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National Geographic Enters 3-D Giant Screen Market with 'Roar'


Written by: National Geographic
Date: June 14, 2006


Category: Press Releases

Smithsonian Signs On as First Exhibitor

WASHINGTON (June 14, 2006) — In an industry first, National Geographic is repurposing ROAR: LIONS OF THE KALAHARI, winner of best large-format film at the International Wildlife Film Festival, into the giant screen 3-D film format. The film will be marketed under the title Lions 3D: Roar of the Kalahari. The re-versioning marks the first time an entire live-action giant screen film has been digitally converted from the original flat format to 3-D, and represents the first foray for National Geographic into the 3-D giant screen marketplace.

The Smithsonian's National Museum of Natural History has signed on as the film's first exhibitor. It will premiere in February 2007 in the Smithsonian's Johnson IMAX Theater.

"Roar: Lions of the Kalahari is an awe-inspiring story of power and dominance among lions vying for the same territory in Africa's brutal Kalahari Desert," said Lisa Truitt, president of National Geographic Giant Screen Films and Special Projects. "The inherent drama of the film, coupled with the incredible cinematography of renowned filmmaker Tim Liversedge, makes it a perfect candidate for the 3-D format. In 3-D, viewers will get a sense of being right in the middle of a lion pride."

To achieve the effect, National Geographic is utilizing Santa Monica, Calif.-based Sassoon Film Design, who will take the scanned film negative — approximately 58,000 frames — and separate each object within the frames into layers through a process called rotoscoping. Sassoon will assign each layer a separate left-eye or right-eye spatial offset and an infinity point set to create a realistic stereoscopic image. The frames will be re-recorded back to film, as a separate left eye and right eye for projection, achieving the final three-dimensional effect on screen. RPG, a post-production agent based in Burbank, Calif., will oversee the conversion process and approve the final release prints of the film.

"My mission with Roar was to not adhere to the pure strictures of documentary filmmaking. I wanted something bigger and more novelistic that would move my audience emotionally as well as intellectually," said Liversedge. "Lions 3D will take these ambitions even further, creating an even bigger experience for the audience."

Lions 3D will carry the audience deep into Botswana's Kalahari Desert, where a life-and-death struggle unfolds between a real lion king and a fierce, young contender determined to oust him from his throne. The interloper gradually encroaches, until an ultimate battle between the two determines the fate of all. The drama poignantly weaves together the day-to-day life of lions with the suspense of rivalry. The film was made possible by the generous support of the Botswana Ministry of Environment, Wildlife & Tourism.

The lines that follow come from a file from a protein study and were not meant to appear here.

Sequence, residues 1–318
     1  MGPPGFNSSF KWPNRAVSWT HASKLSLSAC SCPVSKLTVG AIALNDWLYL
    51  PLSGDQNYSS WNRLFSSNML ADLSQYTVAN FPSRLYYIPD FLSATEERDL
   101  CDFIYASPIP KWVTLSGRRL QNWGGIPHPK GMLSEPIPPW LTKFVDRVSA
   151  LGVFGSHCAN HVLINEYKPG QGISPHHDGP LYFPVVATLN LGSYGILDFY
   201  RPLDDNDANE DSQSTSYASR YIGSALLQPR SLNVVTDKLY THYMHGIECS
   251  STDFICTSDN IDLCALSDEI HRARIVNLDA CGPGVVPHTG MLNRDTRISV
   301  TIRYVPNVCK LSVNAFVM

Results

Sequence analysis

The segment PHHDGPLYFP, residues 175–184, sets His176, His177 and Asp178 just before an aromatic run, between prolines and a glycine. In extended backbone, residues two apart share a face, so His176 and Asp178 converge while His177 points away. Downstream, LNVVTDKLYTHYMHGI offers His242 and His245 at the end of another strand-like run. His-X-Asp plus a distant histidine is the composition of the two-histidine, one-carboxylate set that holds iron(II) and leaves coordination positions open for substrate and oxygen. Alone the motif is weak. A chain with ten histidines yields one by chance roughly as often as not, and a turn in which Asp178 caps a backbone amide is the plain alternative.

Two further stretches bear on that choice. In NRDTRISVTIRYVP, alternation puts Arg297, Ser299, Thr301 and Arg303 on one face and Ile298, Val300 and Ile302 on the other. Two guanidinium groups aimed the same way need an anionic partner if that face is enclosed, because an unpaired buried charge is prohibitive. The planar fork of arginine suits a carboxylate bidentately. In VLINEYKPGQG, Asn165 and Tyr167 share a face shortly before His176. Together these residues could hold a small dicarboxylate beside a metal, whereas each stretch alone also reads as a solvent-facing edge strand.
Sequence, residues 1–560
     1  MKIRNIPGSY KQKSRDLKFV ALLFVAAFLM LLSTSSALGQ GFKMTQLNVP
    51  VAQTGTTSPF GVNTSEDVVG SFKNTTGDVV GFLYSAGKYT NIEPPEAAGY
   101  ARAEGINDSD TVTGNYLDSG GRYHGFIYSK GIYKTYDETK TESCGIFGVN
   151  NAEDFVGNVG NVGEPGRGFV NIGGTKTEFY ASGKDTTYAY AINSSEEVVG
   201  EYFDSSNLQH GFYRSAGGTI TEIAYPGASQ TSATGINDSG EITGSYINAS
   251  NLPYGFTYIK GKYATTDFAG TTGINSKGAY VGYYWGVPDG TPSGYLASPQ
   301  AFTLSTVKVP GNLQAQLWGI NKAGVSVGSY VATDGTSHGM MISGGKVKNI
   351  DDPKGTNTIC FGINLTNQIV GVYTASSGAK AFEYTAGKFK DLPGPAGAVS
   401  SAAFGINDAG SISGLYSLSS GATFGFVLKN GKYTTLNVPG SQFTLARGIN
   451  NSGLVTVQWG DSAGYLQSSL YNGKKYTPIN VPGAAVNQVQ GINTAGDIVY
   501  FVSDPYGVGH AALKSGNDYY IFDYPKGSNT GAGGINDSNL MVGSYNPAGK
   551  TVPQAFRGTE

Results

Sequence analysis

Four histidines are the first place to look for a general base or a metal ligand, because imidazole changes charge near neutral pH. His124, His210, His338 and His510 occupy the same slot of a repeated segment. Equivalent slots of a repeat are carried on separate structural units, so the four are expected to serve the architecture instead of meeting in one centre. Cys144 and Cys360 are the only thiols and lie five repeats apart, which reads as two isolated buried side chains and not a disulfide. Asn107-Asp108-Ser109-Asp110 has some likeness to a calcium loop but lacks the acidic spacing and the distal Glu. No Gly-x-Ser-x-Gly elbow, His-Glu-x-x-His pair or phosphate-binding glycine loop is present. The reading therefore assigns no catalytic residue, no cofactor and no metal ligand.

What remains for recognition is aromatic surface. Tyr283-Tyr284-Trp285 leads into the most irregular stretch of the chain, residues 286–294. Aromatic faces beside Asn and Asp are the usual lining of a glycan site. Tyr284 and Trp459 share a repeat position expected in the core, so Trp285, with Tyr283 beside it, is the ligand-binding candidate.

"We were very impressed by the 3-D conversion test footage we saw from the film," said Toby Mensforth, director of theaters for Smithsonian Business Ventures. "We already know this is a great movie, and the results of the test alone gave us the confidence we needed to be the first to sign on to exhibit Lions 3D. This film is a great example of the kind of exciting experience we try to bring to our viewers at the Smithsonian through our film and exhibit offerings, and we're very confident of its ability to draw audiences while fulfilling our educational mission."

"The Smithsonian's commitment to license and exhibit the film before we've even completed production shows the appeal and potential market for this film," said Truitt. "We're dedicated to exploring more films using this process and are excited to have 'Lions 3D' be our first film utilizing this technology."

National Geographic expects to complete production on Lions 3D: Roar of the Kalahari by December of 2006. Roar: Lions of the Kalahari will continue to be shown in its original format in select locations.

Lions 3D: Roar of the Kalahari and Roar: Lions of the Kalahari are Tim Liversedge productions for National Geographic Television & Film and are distributed by National Geographic Giant Screen Films. Tim Liversedge is the director, executive producer and director of cinematography. Lisa Truitt and Tim Kelly are executive producers. June Liversedge and Jini Durr are producers. Eleanor Grant is the writer. Richard Jones is a cinematographer. Music is composed by James S. Levine. Editors are Lori Petersen Waite and Mark Fletcher.

National Geographic Giant Screen Films is part of National Geographic Ventures (NGV), a wholly owned subsidiary of the National Geographic Society. Founded in 1888, the National Geographic Society is one of the world's largest nonprofit scientific and educational organizations, with a mission to increase and diffuse geographic knowledge while promoting conservation of Earth's cultural and natural resources. Building on its global reputation for remarkable visuals and compelling stories, National Geographic Giant Screen Films produces original 2-D and 3-D productions for the world's largest screens. National Geographic Giant Screen Films also retains distribution rights to a portfolio of 23 films. More information is available at

Tim Liversedge Productions is a Botswana-based natural history film production company that has made seventeen films for international television as well as the giant screen film Roar.

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